The list must be published in a newspaper, as required by law, in a last attempt to notify property owners of pending auction. The list for this year is inside today’s edition of the Daily Mountain Eagle.
“We do everything we can to notify the public — write letters, send out tax notices. We have exhausted every resource — everything we can do to make people aware,” Guthrie said.
In Alabama, property tax is due beginning Oct. 1. Property owners have until Dec. 31 of that year to pay or the taxes become delinquent. Owners are subjected to a $5 fee and 12 percent simple interest charges once taxes are delinquent.
“Fees are also charged for delinquencies. By the first Monday in May every year, if they are not paid, I have a public auction where we have to sell every unpaid property tax to the highest bidder above and beyond the tax amount due,” Guthrie said.
Residents may use the website, www.walkercountyrevenue.com, to make payments online.
Guthrie shared a few tips for understanding this year’s delinquency:
•When searching for names of delinquents, be aware to not only look for their names, but be observant for names of the person they may have purchased property from in the past one to two years. The delinquent property could still possibly be in the previous owners’ name due to taxes being paid in arrears.
•Change of ownership depends on when the deed was actually recorded and the property accessed. “Keep in mind with property taxes you’re actually paying arrears, but assessments are in the future,” Guthrie said.
•Tax notices are a complimentary service only as a reminder, not required by law. All property taxes across Alabama are always due Oct. 1 each year and are delinquent after Dec. 31 of the same year.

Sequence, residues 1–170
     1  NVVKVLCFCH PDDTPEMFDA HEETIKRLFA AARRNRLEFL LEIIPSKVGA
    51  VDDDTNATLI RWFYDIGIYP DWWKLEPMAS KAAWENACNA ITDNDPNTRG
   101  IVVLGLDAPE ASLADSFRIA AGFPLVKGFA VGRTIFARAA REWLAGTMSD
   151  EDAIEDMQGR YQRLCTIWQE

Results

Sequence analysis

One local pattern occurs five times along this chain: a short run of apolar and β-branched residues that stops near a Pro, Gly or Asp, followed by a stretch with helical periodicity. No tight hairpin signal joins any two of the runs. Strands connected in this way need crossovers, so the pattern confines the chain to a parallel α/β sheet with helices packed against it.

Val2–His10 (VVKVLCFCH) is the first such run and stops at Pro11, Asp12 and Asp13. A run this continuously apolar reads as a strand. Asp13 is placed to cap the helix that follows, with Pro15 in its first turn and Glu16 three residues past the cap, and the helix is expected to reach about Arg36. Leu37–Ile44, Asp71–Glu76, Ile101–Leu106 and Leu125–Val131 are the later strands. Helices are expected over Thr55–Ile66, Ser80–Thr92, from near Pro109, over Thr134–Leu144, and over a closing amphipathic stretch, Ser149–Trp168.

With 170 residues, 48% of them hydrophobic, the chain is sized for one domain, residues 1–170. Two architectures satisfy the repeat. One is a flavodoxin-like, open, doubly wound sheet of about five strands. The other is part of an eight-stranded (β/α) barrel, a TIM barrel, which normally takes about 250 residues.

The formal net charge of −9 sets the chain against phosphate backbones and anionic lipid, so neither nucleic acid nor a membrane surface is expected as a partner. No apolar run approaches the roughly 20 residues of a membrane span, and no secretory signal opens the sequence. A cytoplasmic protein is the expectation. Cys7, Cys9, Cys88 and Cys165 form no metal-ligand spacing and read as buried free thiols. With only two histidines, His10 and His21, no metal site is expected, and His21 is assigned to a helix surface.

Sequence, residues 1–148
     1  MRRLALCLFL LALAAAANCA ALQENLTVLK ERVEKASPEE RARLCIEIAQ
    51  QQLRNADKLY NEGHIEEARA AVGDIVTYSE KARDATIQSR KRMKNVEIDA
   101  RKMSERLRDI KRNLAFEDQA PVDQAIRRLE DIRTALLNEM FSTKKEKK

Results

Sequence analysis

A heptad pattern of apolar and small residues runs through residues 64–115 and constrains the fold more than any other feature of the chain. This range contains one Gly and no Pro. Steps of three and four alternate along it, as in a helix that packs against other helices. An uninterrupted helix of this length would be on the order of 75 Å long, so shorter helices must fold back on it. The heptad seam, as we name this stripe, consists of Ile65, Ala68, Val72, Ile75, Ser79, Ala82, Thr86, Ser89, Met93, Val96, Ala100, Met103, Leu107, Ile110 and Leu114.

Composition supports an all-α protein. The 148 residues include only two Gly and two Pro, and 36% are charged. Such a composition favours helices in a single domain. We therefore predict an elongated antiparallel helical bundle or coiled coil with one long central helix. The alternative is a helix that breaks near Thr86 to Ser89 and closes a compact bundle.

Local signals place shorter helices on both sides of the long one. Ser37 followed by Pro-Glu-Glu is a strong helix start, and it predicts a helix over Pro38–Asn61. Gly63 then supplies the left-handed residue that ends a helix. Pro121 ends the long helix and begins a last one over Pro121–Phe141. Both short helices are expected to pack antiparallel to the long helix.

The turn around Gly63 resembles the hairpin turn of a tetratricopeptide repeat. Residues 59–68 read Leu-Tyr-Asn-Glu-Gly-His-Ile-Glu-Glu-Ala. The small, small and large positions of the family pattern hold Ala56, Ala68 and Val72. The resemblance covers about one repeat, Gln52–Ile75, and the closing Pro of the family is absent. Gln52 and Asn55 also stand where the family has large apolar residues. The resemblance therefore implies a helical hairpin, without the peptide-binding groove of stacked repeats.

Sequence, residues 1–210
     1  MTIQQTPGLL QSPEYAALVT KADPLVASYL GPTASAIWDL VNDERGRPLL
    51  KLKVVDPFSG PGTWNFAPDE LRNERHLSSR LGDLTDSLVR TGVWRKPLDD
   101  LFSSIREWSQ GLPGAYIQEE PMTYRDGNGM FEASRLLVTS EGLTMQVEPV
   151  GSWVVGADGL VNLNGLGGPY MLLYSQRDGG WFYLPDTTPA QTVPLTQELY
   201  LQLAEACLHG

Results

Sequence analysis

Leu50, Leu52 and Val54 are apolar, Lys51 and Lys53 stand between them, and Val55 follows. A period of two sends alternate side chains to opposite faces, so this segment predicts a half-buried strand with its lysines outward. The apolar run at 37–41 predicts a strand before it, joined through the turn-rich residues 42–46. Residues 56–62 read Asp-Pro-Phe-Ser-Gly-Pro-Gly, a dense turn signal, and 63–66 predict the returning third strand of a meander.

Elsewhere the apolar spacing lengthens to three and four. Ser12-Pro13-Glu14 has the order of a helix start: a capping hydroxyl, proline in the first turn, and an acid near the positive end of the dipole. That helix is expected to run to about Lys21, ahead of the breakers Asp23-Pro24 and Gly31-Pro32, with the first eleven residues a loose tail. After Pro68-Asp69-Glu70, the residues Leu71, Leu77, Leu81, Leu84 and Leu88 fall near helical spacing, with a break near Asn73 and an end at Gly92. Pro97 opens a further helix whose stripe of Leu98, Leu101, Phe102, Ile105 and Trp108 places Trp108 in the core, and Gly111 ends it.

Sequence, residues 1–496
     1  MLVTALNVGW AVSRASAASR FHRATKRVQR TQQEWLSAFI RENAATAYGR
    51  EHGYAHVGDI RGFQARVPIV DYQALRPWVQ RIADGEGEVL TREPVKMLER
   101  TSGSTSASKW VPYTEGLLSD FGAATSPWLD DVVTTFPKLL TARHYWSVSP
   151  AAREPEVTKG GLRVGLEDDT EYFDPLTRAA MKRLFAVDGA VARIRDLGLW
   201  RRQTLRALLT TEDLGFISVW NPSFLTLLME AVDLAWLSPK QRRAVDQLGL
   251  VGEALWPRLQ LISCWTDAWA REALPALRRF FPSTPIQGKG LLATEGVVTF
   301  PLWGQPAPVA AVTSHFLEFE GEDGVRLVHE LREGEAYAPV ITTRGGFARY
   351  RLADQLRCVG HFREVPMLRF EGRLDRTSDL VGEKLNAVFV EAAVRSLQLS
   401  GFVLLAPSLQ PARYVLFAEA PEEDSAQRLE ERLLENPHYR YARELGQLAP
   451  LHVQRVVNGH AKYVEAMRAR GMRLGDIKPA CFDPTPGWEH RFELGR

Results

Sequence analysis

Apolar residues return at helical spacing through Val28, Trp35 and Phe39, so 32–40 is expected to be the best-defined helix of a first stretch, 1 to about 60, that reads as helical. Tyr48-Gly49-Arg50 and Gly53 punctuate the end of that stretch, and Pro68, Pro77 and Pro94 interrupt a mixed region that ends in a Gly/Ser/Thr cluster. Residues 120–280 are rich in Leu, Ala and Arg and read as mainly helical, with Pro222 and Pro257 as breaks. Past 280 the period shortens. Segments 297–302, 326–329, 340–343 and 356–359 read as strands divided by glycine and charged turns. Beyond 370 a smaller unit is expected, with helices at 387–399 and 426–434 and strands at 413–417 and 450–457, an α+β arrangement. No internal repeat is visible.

•Incorrect addresses are a major cause of not receiving tax notices. Be sure to keep the tax office updated of any address changes.
•Whenever you record a deed, be sure to access the property so you can claim any exemptions you may qualify for, such as: homestead, over age 65 exemption (based on income), and disability exemption or current use laws may apply to some.
•Tax exemptions are not automatic, but must be requested and applied for. The tax assessor’s office does not have knowledge of a person’s exemption qualifications or need.
•If your taxes are paid by a mortgage company, be sure you follow up with a call in December each year to be sure they have met their obligation. Sometimes tax sales occur because of failed communications or simple, honest errors.
•When taxes aren’t paid, by law, the delinquent property must be auctioned off to the highest bidder above the tax amount due. That sale occurs in May.
•A person losing their property to unpaid taxes still has a three-year, right of redemption, but that process often becomes very expensive for the property owner. The final cost and trouble to redeem is often not worth it. You want to avoid your property being seized for unpaid taxes if at all possible.
•The tax office is open Monday through Friday, from 8 a.m. until 4 p.m., except holidays. For more information, call 205-387-7265.